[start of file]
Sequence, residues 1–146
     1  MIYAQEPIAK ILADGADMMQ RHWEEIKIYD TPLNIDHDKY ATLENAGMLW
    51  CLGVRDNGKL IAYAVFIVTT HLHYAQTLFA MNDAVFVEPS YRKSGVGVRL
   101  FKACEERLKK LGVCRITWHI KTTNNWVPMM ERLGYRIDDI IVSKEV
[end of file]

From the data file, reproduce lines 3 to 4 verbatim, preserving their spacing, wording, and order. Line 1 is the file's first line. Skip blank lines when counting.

    51  CLGVRDNGKL IAYAVFIVTT HLHYAQTLFA MNDAVFVEPS YRKSGVGVRL
   101  FKACEERLKK LGVCRITWHI KTTNNWVPMM ERLGYRIDDI IVSKEV